Foreign Account Tax Compliance Act (FATCA)
Ian Woodruff of Grant Thornton has provided the following words attached update form the FATCA working group together with form W-81MY and the guidance notes.
It has become difficult to ignore the effects of the Foreign Account Tax Compliance Act ("FATCA") which has recently been implemented by the IRS. Even those not involved in the financial sector are being bombarded with information requests and since the UK has entered into an Intergovernmental agreement ("IGA") with the IRS, it means that compliance with FATCA is now part of domestic legislation.
In essence, the FATCA rules are a global information gathering exercise by the IRS to ensure that certain non-US companies provide data on their US customers to enable them to confirm that this is being properly declared in the US.
For MGAs it is most likely that they would be considered non-financial intermediaries as they are regarded as falling into being part of the payment process of an insurance company. However, this will always be dependent on the specific circumstances of the MGAs contract with the insurance company.
As an intermediary non-financial foreign entity (“NFFE”) an MGA will be required to determine, based on its income and balance sheet, whether it is “Active” or “Passive”. Active NFFEs, will have no registration or HMRC reporting requirements under FATCA. They will however be required to provide a W-8IMY form to financial counterparties confirming this status. Those NFFEs considered Passive will have the same requirements of an Active NFFE, being the provision of a W-8IMY confirming its status, but will have an additional requirement to report, either directly to HMRC or indirectly through their correspondence with counterparties, on any US owners with a shareholding greater than 10%.
A subsequent point of note is the fact that there are further consequences as a result of being considered an intermediary, which effectively requires the MGA to act as a conduit for the provision of information to counterparties down the insurance chain.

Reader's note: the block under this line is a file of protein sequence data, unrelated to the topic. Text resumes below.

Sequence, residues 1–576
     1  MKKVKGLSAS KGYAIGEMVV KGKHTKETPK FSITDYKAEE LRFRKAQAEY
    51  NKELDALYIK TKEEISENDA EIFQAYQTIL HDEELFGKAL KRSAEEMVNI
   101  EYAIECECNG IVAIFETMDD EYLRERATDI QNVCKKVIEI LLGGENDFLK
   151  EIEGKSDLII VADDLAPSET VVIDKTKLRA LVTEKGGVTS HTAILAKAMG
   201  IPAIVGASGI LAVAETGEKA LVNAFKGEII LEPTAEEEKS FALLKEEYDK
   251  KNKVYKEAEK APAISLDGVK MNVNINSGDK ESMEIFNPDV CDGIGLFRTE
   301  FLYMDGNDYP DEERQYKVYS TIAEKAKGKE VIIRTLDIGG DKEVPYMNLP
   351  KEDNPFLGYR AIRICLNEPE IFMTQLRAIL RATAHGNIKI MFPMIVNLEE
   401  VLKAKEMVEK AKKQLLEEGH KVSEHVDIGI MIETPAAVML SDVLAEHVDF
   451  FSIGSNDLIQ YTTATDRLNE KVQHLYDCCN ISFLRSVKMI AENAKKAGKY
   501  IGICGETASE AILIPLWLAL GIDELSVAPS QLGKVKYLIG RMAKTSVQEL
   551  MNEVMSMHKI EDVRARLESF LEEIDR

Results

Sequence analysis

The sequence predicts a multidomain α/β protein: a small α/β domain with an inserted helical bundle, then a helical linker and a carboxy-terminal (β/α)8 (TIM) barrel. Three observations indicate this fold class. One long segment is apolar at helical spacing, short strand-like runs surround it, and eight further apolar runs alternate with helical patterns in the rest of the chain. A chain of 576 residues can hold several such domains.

It is clear that an entity’s obligation under FATCA is not always clear cut and would be well worth seeking professional advice when considering your businesses FATCA obligations.
The LMWG update (attached) contains a useful diagram on page 2 and it appears that MGAs are in a similar position to UK wholesale brokers – see the guidance below provided to UK wholesale brokers on page 2.
UK wholesale broker
- The UK wholesale insurance broker will continue to be regarded as an intermediary. As such, it will need to complete a Form W-8IMY, however the frequency of which, ie per transaction or per insured or contract, is unclear whilst we await the final form and instructions.
- Reporting and withholding responsibilities rest with the surplus/excess lines broker and not with the UK wholesale broker, ie the last person to touch the premium as it leaves the US will be the person responsible for reporting it to the IRS.
- However the UK wholesale broker will likely be required to provide an allocation statement to assist the surplus/excess lines broker with their reporting responsibilities.
- The UK (re)insurance broker will also have responsibility for communicating that it has received documentation to verify the FATCA compliance status of the insurers it is placing business with, to its US counterparty. The method and frequency of such communications and checks is to be determined.
It appears that UK MGAs will need to complete Q4 Chapter 3 status as non-qualified intermediary and then complete part IV.
Part IV - you will need to tick 15a and possibly some of you may need to tick 15b if you are passing on information.
Q5 Chapter 4 status: UK MGAs are Active NNFE (non-financial institution. Active means trading not earning more than 50% from investment income).
If you have not had a request for the form yet you complete it and keep hold of it and give copies to those who request it – who are likely to be US Surplus Lines brokers.
The surplus lines broker may also request a copy of the Lloyd’s form if you underwrite on behalf of Lloyd’s and this is available on the Lloyd’s web site
If you require more detailed guidance please contact the Grant Thornton Insurance Tax team.
If your question is specifically about Lloyd’s then the person to talk to at Lloyd’s is Helen.Halliwell@lloyds.com